What price freedom?

Which nation lost a quarter of its population, over 35% of its army and around 60% of its adult male population in a conflict during the last Century? The Soviet Union? Vietnam? Iraq perhaps?

The actual answer is the Kingdom of Serbia in the First World War. Was the fight for freedom worth the sacrifice?

In 1914, Serbia found herself at the centre of an Imperial game between the Great Powers and surrounded by hostile states: Austria-Hungary in the North and West (who believed that “Alle Serben mussen sterben” (“All Serbs must die”)), an angry Bulgaria in the East, a restless Albanian population in the South East and an Italian government ambitiously eyeing up the Dalmatian and Albanian peninsula.

The First Invasion

On 28 June 1914, Gavrilo Princip fulfilled the defining act of the century: the assassination of Archduke Franz Ferdinand in Sarajevo. At his trial Princip proclaimed that Yugoslavia “was my basic idea”. Following Serbia’s refusal to satisfy the subsequent Austro-Hungarian ultimatum, an Empire of 50 million inhabitants declared war on a nation of 4.5 million. The invasion began on 12 August and within a few days 450,000 well-armed troops crossed into Serbia. The Austrian Fifth Army invaded from Bosnia across the Drina and soon drove back the Serbian Third Army commanded by Pavle Jurišić-Šturm. The Austrian Sixth Army attacked Serbia on 15 August. The following day the Serbian Second Army led by Stepa Stepanović launched a massive counter-attack co-ordinated by Vojvoda Radomir Putnik that culminated in the four day Battle on the Cer ridge. The Austro-Hungarian force was obliterated and retreated. The victory at Cer was the first Allied victory in the First World War and was widely celebrated in London, Paris and Moscow.

The Second Invasion

Incandescent with rage the Austro-Hungarians replenished their forces and launched fiercer assaults on 7 September and 6 November. Putnik was forced to withdraw his troops who were suffering from high losses, exhaustion and dwindling supplies. A hastily convened joint session of government and the supreme command, chaired by Prince Regent Aleksandar, decided that resistance should continue for as long as possible. Prime Minister Nikola Pašić sent pleas to the Allies for ammunition but only France responded. On 2 December Belgrade was abandoned without a fight and the Austro-Hungarians held a victory parade in the city.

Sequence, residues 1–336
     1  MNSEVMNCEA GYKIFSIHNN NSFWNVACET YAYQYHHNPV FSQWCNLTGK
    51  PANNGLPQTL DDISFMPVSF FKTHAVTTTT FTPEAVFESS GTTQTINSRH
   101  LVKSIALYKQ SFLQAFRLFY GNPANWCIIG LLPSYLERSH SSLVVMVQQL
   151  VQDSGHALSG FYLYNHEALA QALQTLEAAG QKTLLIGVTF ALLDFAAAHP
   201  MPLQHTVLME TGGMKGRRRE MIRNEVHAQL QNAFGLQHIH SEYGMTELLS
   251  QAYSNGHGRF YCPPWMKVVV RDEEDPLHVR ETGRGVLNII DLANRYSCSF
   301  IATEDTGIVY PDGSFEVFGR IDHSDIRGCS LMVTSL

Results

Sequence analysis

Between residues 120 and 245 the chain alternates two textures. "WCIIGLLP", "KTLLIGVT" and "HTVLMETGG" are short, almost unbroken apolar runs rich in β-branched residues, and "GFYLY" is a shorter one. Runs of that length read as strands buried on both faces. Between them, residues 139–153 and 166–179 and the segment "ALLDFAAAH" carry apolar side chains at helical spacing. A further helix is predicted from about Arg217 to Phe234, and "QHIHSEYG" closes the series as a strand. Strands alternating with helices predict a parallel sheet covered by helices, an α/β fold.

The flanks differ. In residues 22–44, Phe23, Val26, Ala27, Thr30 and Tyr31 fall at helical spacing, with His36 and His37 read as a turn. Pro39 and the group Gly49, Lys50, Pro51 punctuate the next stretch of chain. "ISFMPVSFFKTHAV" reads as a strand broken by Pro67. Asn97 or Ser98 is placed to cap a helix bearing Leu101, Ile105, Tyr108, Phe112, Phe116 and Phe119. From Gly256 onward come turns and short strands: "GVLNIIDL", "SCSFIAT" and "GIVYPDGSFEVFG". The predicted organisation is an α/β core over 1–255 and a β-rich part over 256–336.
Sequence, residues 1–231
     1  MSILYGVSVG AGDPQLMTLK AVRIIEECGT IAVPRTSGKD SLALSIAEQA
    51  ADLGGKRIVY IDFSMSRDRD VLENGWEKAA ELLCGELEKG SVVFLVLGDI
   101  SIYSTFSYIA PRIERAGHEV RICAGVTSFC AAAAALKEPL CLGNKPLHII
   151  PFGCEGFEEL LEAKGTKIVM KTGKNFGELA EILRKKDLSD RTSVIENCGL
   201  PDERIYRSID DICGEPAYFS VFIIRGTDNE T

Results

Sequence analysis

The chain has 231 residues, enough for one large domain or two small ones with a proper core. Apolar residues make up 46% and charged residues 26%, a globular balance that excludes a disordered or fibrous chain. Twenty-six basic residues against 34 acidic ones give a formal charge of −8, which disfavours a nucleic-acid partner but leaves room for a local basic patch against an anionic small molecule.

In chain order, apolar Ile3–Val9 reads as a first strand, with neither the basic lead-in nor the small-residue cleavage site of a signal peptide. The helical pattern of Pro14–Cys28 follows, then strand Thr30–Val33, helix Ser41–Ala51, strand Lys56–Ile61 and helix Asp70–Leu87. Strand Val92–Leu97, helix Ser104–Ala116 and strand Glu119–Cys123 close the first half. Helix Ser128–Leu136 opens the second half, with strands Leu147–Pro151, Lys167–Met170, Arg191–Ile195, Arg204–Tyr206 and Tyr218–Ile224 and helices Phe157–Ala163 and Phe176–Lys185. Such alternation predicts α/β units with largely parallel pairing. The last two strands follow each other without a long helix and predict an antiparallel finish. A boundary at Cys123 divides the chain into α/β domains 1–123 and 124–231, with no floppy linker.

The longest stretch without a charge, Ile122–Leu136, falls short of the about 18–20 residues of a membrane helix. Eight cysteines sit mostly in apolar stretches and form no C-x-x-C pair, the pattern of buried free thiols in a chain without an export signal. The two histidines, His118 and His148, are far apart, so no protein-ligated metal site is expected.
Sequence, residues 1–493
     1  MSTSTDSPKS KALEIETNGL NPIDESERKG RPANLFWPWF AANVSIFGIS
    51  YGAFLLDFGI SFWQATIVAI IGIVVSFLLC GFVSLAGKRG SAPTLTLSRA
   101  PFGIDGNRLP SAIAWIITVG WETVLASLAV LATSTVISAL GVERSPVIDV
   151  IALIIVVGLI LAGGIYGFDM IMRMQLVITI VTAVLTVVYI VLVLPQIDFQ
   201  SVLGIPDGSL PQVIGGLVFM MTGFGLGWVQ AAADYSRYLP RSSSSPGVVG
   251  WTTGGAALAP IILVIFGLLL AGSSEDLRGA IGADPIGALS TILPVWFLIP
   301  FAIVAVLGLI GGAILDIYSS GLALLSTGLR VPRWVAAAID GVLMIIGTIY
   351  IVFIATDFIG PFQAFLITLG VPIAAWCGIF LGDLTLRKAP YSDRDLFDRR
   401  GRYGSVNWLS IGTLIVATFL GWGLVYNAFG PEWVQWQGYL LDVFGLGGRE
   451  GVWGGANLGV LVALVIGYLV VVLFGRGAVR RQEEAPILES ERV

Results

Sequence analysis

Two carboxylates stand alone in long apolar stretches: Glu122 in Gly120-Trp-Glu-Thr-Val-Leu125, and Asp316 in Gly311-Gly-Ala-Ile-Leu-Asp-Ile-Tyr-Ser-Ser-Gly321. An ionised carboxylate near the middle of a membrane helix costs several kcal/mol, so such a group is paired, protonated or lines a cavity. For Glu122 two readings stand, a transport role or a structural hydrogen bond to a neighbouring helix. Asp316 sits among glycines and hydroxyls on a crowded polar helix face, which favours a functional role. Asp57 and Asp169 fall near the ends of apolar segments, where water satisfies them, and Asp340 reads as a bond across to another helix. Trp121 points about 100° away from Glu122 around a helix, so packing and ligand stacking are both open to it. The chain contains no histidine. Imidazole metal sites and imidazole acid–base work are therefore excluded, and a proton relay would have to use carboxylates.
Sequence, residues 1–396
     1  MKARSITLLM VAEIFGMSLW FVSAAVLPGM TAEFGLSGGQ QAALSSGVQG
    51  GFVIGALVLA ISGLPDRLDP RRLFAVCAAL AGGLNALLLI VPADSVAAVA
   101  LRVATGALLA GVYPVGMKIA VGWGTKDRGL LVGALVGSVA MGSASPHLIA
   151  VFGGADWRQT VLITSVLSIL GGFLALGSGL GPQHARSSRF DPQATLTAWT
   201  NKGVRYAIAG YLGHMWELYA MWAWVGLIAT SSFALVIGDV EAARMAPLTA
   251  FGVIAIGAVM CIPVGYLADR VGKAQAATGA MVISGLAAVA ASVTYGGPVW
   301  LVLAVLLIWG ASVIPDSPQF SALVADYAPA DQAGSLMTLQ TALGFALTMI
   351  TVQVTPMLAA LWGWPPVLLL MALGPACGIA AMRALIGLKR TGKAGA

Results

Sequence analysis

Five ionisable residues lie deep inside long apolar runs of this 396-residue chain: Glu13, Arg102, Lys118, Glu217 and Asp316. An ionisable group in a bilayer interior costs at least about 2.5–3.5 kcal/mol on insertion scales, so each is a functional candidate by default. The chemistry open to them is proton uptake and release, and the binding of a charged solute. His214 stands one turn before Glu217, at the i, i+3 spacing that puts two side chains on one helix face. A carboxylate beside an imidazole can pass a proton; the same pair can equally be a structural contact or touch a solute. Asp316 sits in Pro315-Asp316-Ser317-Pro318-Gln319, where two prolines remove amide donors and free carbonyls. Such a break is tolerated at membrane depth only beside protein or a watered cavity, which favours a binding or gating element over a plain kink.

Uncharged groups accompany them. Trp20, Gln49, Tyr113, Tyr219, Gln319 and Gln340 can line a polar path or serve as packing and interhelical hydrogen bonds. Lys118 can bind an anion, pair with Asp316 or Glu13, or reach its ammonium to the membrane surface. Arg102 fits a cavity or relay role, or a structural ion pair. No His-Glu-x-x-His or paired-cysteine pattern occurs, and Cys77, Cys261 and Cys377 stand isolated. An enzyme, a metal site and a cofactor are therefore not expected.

Just when hope was starting to fade, 20,000 French grenades arrived from Salonika. The Austro-Hungarians had temporarily ceased their offensive preparation for the next push southwards. General Živojin Mišić, Commander of the Serbian First Army, exploited this lull to rest his troops and prepare for a massive counter-attack, the Battle of Kolubara. The co-ordination and speed of the attack completely took the Austrians by surprise; by 15 December Belgrade was liberated and they had been driven from Serbia. 76,000 Austro-Hungarian troops were captured and significantly more were killed or wounded. General Mišić was promoted to Vojvoda whilst the Austrian General Potiorek was retired in disgrace and replaced by Archduke Eugen. The New York Times wrote: “Obituaries had been written for Serbia. The small Serbian people reduced the army of a mighty Empire to Ashes”.

1915 Catharsis and Golgotha

During 1914, the Austro-Hungarian invading force lost almost 250,000 of its 450,000 men; the Serbian army around 170,000. The losses were compounded by the Typhus epidemic (introduced by captured Hungarian soldiers) which claimed 500,000 – 650,000 Serbian lives and led American journalist John Reed to describe Serbia as “a country of death”. Such a weakened nation was unlikely to survive another invasion.

By 1915, the Central Powers were now involved in a war on two fronts and were keen to avoid a third opening up. Serbia was offered a separate peace conditional upon betraying her allies and signing an agreement based solely on Serbian interests. Invoking the legend of Tsar Lazar, Serbia rejected the offer, knowing that she was signing her own death warrant; the honourable refusal to betray her allies would come back to haunt her repeatedly.

On 5 October 1915, an army of over 500,000 well-equipped men, led by German Field-Marshall von Mackensen, attacked Serbia on a front 1200 miles wide. Serbia’s 225,000 poorly equipped troops offered brave resistance, but when Bulgaria attacked from the rear on 11 October, defeat was inevitable. Capitulation was rejected as it would mean the death of Serbian statehood. Instead the Serbs retreated through Albania to the Adriatic coast where the Allies had agreed to set up supply camps.

Albanian leader Essad Pasha Toptani agreed to allow Serbian troops and civilians through his territory unhindered, but other Albanian leaders were not so sympathetic, with the result that thousands of Serbs were robbed and killed in ambushes by roving bands.

For four months, in the heart of winter, an entire nation trudged through the Albanian snow toward the coast. French journalist Henri Barbie wrote: “No pictures of the French retreat from Russia [in 1912] can depict desperation such as the withdrawal of the Serbs...An entire nation consumed by a snowstorm...”